When Gogo announced its hybrid Ground-to-Orbit (GTO) solution last September it included an aggressive timeline from launch partner Virgin America to get the hardware certified and installed.
In the ensuing months questions have arisen about the airline’s commitment to that timeline and even its overall commitment to the GTO product versus either keeping ATG-4 or leapfrogging to the newer 2Ku platform (pictured above). And, somewhat surprisingly, executives from Gogo seem to think that’s not a problem at all, with one going so far as to say “it doesn’t matter” if GTO doesn’t enter service as previously announced because the groundwork it laid for 2Ku was a necessary investment for their technology roadmap.
Speaking at a recent media event at Gogo headquarters, company CTO Anand Chari remained upbeat on the potential for the GTO solution and talked about advantages it holds over the 2Ku option in certain circumstances:
On those planes where ATG-4 is already available and on those planes that are exclusively going to serve North American routes you can add only one antenna. It is lower CapEx and lower OpEx. And it is lower data transport costs. [ATG] is still a lot more efficient way to transport data than the return link through the satellite.
Chari also spoke of the built-in redundancy the GTO solution offers as it is able to manage communication to the plane via the ATG link should there be issues with the satellites. That’s good news, but just how broad is the potential for such deployments?
Very few mainline aircraft operated by US carriers are limited only to running routes within the ATG coverage area. United Airlines and American Airlines have their dedicated transcon premium cabin fleets, for example, but most aircraft for which the satellite-based capacity makes sense also fly to Hawaii the Caribbean or Latin America. That would render the ATG uplink out of service and leave the aircraft offline for the trip. For these aircraft the 2Ku solution – despite the higher CapEx and OpEx – is the ideal choice.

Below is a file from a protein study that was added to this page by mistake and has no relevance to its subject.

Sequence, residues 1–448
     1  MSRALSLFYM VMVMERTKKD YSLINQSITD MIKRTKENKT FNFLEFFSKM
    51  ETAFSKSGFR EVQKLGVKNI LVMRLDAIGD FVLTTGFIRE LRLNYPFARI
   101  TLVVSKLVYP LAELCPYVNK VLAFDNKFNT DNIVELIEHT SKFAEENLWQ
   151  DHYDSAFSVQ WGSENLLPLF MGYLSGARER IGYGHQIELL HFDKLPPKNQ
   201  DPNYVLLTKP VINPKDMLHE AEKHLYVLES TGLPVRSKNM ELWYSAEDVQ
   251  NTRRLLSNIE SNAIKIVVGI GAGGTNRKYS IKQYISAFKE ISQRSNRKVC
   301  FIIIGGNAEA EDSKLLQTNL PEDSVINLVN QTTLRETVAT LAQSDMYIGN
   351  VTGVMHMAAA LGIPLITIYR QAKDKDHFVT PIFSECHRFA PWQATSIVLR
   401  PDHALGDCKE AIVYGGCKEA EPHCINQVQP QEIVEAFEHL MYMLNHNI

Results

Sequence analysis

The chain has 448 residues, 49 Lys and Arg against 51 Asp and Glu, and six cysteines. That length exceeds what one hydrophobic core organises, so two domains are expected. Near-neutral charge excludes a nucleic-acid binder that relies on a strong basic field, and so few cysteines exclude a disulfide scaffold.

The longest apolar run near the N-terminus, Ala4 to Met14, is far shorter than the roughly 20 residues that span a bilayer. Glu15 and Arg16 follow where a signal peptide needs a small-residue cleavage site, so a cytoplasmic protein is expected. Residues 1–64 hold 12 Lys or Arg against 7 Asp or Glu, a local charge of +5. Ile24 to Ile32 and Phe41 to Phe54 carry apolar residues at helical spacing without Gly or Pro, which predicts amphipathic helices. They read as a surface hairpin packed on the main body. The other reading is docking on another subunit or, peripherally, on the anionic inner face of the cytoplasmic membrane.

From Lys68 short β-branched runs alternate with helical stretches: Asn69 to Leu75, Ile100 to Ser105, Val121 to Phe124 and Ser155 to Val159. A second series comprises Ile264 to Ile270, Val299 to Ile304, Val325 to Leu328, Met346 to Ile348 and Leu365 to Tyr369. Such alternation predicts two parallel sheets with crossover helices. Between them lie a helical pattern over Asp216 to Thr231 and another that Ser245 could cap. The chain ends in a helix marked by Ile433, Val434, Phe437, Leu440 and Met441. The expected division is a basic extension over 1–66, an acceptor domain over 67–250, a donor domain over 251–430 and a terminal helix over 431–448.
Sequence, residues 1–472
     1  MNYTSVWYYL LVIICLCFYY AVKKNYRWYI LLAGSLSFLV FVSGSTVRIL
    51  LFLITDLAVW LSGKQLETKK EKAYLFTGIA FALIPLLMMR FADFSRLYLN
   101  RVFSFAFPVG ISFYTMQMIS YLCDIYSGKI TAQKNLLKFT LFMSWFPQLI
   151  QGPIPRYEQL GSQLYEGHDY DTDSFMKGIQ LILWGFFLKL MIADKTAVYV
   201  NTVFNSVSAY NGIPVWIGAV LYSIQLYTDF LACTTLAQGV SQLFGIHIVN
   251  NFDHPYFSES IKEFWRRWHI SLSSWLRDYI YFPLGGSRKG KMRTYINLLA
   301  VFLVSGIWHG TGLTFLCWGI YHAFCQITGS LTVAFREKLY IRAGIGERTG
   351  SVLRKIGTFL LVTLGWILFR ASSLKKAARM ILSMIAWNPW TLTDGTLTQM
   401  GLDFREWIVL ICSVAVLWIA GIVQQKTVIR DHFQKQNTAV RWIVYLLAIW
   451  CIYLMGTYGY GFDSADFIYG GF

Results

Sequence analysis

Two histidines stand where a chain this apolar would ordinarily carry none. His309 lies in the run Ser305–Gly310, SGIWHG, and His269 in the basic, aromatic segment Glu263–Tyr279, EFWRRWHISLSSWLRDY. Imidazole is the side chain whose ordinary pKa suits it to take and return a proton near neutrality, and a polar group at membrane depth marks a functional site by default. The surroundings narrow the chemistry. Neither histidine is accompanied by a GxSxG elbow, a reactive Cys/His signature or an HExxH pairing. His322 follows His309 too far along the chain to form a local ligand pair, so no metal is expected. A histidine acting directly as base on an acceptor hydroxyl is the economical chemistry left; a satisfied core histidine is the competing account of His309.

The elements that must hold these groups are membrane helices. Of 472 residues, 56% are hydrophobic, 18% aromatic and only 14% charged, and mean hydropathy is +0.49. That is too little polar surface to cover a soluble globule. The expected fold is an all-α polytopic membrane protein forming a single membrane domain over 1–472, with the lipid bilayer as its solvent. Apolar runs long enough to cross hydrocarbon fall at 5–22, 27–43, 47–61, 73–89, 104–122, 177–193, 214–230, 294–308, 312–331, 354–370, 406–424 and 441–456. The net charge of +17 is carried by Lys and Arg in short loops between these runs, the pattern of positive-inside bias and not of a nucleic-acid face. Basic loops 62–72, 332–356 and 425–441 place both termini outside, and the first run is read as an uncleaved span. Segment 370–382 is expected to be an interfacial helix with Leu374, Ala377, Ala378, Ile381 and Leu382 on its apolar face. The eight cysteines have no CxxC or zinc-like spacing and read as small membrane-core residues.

Fortunately for the airlines (and for Gogo) the timeline to deploy 2Ku is not too far behind the originally planned GTO rollout. Chari noted that the GTO solution is already in testing with the FAA and that the 2Ku solution “leverages GTO technology in more than two thirds of the components.” There are a couple components still in development for the 2Ku solution but the company expects to be certifying them with the FAA in the very near future.
Gogo CEO Michael Small also suggested at the event that it may never be possible to keep up with passengers’ ever-increasing demands for bandwidth, a view echoed by other industry executives. The GTO solution is capped at 3.6Mbit for upload bandwidth based on the ATG-4 platform which may prove to be a factor which further limits the viability of the solution, though passengers are still predominately downloading data rather than uploading.
As to the open questions about patent licensing, Gogo management indicated it is not concerned based on their current systems architecture. Gogo did acquire some patents from LiveTV as part of the Airfone acquisition but those are not related to the GTO architecture, according to company officials. An additional patent purchase, currently reflected as an intangible asset on Gogo’s balance sheet, was described by an executive as a “defensive move” based on the low acquisition cost.
For Virgin America, which posted a $22.4 million first quarter loss – and indeed for other Gogo customers – the ATG-4 rollout has been sufficient to buy more time before making a firm decision on GTO or 2Ku. The increased bandwidth of the ATG-4 platform has led to a significant reduction in customer complaints according to Gogo’s internal tracking. That may be a sufficient stop-gap allowing them to wait until 2Ku is ready for service rather than investing in GTO.
Given the limited delay for deployment and the overall improved capacity numbers which 2Ku offers it may just be that a minimal or non-existent deployment of the GTO platform really doesn’t matter. Gogo may actually leapfrog itself to the 2Ku solution, skipping GTO as a commercial product while still building on its technology to support the future systems; Vaporware which actually yielded a better product in the end.